Changes as You Age
Who gets COVID-19 and why? Why does a 104-year-old man survive his infection, a 25-year-old female athlete training for a 10K become infected and a 52-year-old man dies from it? This is what we know right now. It is not complete, but this is an ever-evolving learning curve, nothing new in medical science.
The amount of virus needed to make you sick is called the Infectious Dose. Populations without a significant immunity are particularly susceptible to low-infectious doses. Since coronavirus is a novel infection, no one has a remembered immunity. SARS-CoV-2 is the virus that causes COVID-19. The minimum infectious dose is not known at this time but is suspected to be low because of the ease it spreads through casual interpersonal contact. Viral Load is the measurement of the amount of virus particles. It is the amount of virus present in an infected person that has had time for cell replication to occur. It follows that a high infectious dose leads to a higher viral load. As with most viruses the higher the viral load, the higher the severity of symptoms in an individual. These same people are more contagious because they shed more whole virus. This is an especially important point for healthcare professionals who are caring for infected patients. The more viral particles you inhale into your lungs, the higher your risk of infection and the higher your potential for damage is.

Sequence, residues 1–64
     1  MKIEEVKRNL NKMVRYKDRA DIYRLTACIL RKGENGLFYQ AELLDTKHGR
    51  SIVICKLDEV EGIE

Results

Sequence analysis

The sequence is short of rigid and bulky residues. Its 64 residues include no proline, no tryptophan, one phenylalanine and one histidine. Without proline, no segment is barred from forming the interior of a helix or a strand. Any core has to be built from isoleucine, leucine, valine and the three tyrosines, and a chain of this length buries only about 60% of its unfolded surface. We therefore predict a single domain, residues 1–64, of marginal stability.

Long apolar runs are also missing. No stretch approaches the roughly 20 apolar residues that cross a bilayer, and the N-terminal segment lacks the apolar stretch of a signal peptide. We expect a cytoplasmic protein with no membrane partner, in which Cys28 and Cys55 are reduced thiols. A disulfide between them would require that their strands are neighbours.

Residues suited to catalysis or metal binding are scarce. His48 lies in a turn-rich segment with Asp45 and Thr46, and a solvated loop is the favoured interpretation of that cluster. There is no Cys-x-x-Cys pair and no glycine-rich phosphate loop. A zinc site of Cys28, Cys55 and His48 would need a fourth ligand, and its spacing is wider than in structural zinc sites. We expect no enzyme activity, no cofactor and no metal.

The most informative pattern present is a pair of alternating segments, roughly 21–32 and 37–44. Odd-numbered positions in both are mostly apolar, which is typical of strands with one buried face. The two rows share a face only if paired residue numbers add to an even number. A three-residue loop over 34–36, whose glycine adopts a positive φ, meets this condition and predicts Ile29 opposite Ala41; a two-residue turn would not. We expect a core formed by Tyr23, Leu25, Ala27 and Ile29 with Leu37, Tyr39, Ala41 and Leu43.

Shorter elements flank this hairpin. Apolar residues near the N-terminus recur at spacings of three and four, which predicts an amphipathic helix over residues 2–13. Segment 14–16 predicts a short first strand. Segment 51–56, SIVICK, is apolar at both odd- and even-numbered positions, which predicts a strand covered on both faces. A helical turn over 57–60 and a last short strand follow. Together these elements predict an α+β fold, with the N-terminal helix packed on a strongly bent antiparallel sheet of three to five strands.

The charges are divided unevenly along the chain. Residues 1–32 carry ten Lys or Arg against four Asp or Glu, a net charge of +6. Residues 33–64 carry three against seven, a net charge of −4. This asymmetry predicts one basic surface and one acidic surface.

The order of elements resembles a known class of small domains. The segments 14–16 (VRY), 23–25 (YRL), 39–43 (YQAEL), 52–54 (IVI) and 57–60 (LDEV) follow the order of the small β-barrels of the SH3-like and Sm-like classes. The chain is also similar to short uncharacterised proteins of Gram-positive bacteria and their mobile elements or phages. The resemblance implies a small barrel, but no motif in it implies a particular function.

Immunosenescence is the term for the decline in your immune system as you age. But what else contributes to your immune system strength besides age? We know what is supposed to occur. An intruder (virus) breaks in, the home security (immunity) comes on and rallies law enforcement (white blood cells) to arrest it and lock it up for good. With a novel virus such that we are faced with now, this scenario has changed. Mercifully, the world experiences pandemic relatively rarely but perhaps we can use this experience to better explore the nature of the body’s immune system and factors affecting it.